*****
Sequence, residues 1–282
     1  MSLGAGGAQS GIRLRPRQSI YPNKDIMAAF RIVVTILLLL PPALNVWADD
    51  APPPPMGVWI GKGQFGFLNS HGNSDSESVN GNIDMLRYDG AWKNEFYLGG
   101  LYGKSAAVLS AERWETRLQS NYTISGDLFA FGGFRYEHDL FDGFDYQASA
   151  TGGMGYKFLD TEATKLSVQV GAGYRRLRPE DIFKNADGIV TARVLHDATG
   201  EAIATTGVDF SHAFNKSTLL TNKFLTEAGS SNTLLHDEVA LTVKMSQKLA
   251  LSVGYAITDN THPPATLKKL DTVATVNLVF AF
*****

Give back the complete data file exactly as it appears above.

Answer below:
Sequence, residues 1–282
     1  MSLGAGGAQS GIRLRPRQSI YPNKDIMAAF RIVVTILLLL PPALNVWADD
    51  APPPPMGVWI GKGQFGFLNS HGNSDSESVN GNIDMLRYDG AWKNEFYLGG
   101  LYGKSAAVLS AERWETRLQS NYTISGDLFA FGGFRYEHDL FDGFDYQASA
   151  TGGMGYKFLD TEATKLSVQV GAGYRRLRPE DIFKNADGIV TARVLHDATG
   201  EAIATTGVDF SHAFNKSTLL TNKFLTEAGS SNTLLHDEVA LTVKMSQKLA
   251  LSVGYAITDN THPPATLKKL DTVATVNLVF AF